Many benefits vendors are touting their ability to integrate other benefits vendors, and provide sophisticated tools to get employees the right benefits at the right time. Many want to be the “hub” or single “portal” that unifies the benefits experience.
Overall, this is great news for employers who struggle to keep up with the demands of year-round education, and have limited ability to target and segment based on “just-in-time” data. From the employee experience side, this will simplify access and promote unused resources. To employees, integration makes sense: “Why shouldn’t my financial benefit provider tell me about the health and work/life benefits that are also relevant, and vice versa?” And “Why should I have to remember to go to six different vendors to get everything I need?”
But, a word of caution: When your vendors control the employee experience, your employer brand may get lost in the mix. Employers should not fully relinquish the "employee experience" and their brand to their service partners. It is vital that benefits remain strongly tied to the employer’s brand and value proposition. I spoke about this during the closing panel and a few quotes were captured on Twitter:
This is why it’s so vital to have a heavily branded, user-friendly website that’s accessible without a password, outside your firewall. And, as we continue to say, a benefits website is the foundation for branded, year-round education. It gives employees a familiar and easy-to-access front door to all the benefits programs and providers available to them. This is the key to success with our clients, and you can see how those sites look if you check out Adobe and Intuit’s case studies on our site.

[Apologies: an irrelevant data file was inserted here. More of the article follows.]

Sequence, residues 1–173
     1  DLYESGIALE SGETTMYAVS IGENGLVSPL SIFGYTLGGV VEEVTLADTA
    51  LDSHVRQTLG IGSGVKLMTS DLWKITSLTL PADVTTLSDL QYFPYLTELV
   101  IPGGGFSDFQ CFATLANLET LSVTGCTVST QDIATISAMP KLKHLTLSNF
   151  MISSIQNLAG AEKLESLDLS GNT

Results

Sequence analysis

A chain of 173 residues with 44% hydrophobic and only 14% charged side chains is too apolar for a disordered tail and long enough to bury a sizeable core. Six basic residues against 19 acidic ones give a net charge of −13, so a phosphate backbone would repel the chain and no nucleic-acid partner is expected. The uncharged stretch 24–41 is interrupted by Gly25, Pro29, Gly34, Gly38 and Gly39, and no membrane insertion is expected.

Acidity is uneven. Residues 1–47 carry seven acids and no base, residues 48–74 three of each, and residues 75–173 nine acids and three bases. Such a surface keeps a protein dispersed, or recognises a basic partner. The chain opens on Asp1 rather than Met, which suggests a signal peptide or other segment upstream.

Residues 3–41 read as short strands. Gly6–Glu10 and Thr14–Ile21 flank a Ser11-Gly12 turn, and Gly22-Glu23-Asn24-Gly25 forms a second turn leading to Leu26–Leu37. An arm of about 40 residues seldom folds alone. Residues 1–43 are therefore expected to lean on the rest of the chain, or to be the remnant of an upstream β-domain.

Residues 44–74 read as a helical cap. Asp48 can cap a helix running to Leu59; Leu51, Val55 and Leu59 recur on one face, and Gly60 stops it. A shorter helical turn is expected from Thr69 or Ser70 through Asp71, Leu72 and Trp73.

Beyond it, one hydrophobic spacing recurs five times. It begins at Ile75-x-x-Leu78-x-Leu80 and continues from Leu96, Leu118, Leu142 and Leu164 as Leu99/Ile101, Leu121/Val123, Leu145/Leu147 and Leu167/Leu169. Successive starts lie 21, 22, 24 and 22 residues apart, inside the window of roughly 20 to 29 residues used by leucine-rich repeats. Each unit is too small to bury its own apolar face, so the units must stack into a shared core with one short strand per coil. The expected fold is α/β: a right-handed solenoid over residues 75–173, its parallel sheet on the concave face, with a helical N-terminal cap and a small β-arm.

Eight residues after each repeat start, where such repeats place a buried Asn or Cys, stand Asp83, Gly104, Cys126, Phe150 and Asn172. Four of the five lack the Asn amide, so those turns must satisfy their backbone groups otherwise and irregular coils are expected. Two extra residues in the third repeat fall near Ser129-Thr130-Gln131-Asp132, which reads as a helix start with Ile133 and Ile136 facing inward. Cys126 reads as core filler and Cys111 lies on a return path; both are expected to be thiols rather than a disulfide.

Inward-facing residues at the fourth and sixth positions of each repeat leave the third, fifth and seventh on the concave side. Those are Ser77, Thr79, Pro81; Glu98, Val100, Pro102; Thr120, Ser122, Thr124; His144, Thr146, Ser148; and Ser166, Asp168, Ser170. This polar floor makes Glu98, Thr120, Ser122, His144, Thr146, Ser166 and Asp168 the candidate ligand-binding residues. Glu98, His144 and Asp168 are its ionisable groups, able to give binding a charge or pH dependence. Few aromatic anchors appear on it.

We’ll need to question our assumptions and take creative approaches to make a big impact.
Alexandra Drane kicked off the conference with a thought-provoking and insightful discussion of the real cause of much of the health care spend in the U.S.: life. Her thesis: “When life goes wrong, health goes wrong.” Stress is a major driver of what she calls, “Life sucks disease.” She pointed to a recent survey by Eliza Corp., in which 94% of respondents said they felt stressed as a result of dealing with at least one “life issue” connected to finances, family, work, and sleep problems.
Research underscores these findings. And, as evident from the recent focus on stress, mental health, resilience, and financial wellness, the employee benefits industry has recognized these interrelationships, as well.
To really tackle these topics, we’re going to have to get creative with the way programs are designed and marketed. As Alex explained, “We are solving problems that we want solved, not what they [employees] want,” which means we’ll also need to question some of the assumptions that currently go into benefits design.
The time to demonstrate real business results is long overdue.
Tom Parry from IBI led a fantastic discussion around their CFO research and the ways employers can demonstrate more business value. Business results and business impact was a theme throughout the conference. The data is available, the frameworks are there—and it’s now up to benefits leaders, and all of us who support them, to do more to connect the dots between those data sources, and show the true business value of the work and programs.
Let us know your thoughts!
Did you attend the HR Executive Health & Benefits Leadership Conference? Tell us about your experience. Contact us at email@example.com.